Magical realism, lyrical prose, and the pain and passion of human love haunt this hypnotic generational saga. Foolish love appears to be the Roux family birthright, an ominous forecast for its most recent progeny, Ava Lavender.
Ava - in all other ways a normal girl - is born with the wings of a bird. In a quest to understand her peculiar disposition and a growing desire to fit in with her peers, sixteen-year old Ava ventures into the wider world, ill-prepared for what she might discover and naive to the twisted motives of others. Others like the pious Nathaniel Sorrows, who mistakes Ava for an angel and whose obsession with her grows until the night of the summer solstice celebration. That night, the skies open up, rain and feathers fill the air, and Ava’s quest and her family’s saga build to a devastating crescendo. First-time author Leslye Walton has constructed a layered and unforgettable mythology of what it means to be born with hearts that are tragically, exquisitely human.
©2014 Leslye Walton, original book published by Candlewick Press. (P)2014 Brilliance Audio, Inc.
Short, Simple, No Spoilers
What a lovely book. It reads like a wondrous tale spanning three generations of women from France to New York to Washington State. Each given special attention and detail, the women traverse sad circumstances. The writing is superb and lyrical, akin to the style of Neil Gaiman.
Sorry I haven't given much detail, it deserves to be experienced and not chronicled out ruining the surprises.
Beautiful, sad, artistic
Vivianne Lavendar goes into the Summer Solstice Festival describing the beautiful things around her: the musicians playing lovely tunes, the delicious pies made by the schoolgirls' mothers... and as she runs away from the festival in a sad state she describes the same items again through a different emotion: the drunk musicians and the over-baked pies. It was so beautifully written and I found myself inside of the book many times.
When Ava is kissed for the first time. Leslie's description is lovely and so heartfelt. It reminded me of my first kiss with my husband.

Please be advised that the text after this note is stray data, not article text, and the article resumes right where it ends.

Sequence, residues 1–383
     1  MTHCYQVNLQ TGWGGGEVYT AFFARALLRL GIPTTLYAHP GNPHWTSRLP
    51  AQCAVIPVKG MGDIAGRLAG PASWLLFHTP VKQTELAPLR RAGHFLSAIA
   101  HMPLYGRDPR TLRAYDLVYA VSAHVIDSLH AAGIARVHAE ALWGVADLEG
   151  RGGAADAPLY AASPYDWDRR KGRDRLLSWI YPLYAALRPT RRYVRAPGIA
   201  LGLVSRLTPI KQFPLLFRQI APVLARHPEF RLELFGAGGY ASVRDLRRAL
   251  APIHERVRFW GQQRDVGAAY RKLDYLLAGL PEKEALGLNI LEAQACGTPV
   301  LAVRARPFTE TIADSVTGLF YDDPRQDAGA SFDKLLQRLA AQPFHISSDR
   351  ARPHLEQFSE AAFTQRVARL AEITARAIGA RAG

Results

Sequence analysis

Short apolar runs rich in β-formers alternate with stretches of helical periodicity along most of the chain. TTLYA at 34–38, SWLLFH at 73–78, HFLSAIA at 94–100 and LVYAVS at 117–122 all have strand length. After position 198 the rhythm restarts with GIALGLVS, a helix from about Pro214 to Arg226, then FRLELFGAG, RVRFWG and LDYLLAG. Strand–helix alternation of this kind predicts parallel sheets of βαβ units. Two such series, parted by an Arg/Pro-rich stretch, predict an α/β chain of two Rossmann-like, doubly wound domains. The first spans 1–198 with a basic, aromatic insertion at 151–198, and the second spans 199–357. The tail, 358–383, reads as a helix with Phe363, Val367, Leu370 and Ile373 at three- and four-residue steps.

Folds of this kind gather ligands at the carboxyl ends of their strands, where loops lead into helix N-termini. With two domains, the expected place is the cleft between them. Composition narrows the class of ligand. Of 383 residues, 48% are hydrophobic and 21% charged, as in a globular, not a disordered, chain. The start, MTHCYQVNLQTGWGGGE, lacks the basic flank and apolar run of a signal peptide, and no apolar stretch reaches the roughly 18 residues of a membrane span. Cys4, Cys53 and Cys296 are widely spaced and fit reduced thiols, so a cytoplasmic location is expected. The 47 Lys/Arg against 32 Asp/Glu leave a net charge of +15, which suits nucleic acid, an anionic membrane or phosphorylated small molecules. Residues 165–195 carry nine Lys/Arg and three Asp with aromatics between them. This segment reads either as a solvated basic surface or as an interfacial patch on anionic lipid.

You must let them go for them to come back again.
I wanted to love this book. I, like some other reviewers, found it on a list of YA novels to watch out for. I was disappointed. It is a fairly grown up story with lots of violence, etc, which doesn't bother me in the least, but the language is immature, almost like a fairytale at some points and so simplistic as to draw attention to itself and this strange contrast of content and style--not incredibly well written (of course, I think listening makes this more noticeable and especially in the absence of a captivating storyline).
It was an interesting premise in which Walton created a lot of interesting exposition and back stories but the story of Ava Lavender itself falls flat. You never really care about her; she is little more than the character who happens to narrate the story, nor are there any other characters you are really rooting for. When bad things happen, as they inevitably do, you are not surprised or upset. It's like a really long, twisted bedtime story. I just wanted it to be over, knowing it was not going to offer me any sort of awesome plot twist or satisfying conclusion, so that I could go download something else! Some people seemed to really like it, but if you care about a strong story and characters, look elsewhere.
This book tried to hard. With absurdly they were cool names of absurd Lee supernatural characters in the book ended up falling flat. And Ila magical realism as much as the next girl but this went both too far and not far enough. In addition, there is unnecessary violence that seems gratuitous to the max. I tried for the entire time I was listening to this book to like it, But it just got worse and worse for me. Oh well!
This is a magic realism novel, and I have to say that I am not a huge fan of the magic realism genre and the sense of disorientation it generates. I confess that I bought this book mostly for the title, and at first, I did not like the book at all. However, somehow it grew on me as it went on. I still don't love it, but I do think it's interesting and very well crafted. It is quite a complex novel, with a lot of symbolism to ponder at. Many themes relevant to modern life are explored, though in a somewhat detached, dreamlike fashion. If I were an English teacher, I would consider teaching this book.
My new favorite genre is grounded, magical realism and Leslye's characters do not disappoint. Her writing as almost lyrical, with every chapter brought you deeper into the beautifully written story. Highly recommend this one.
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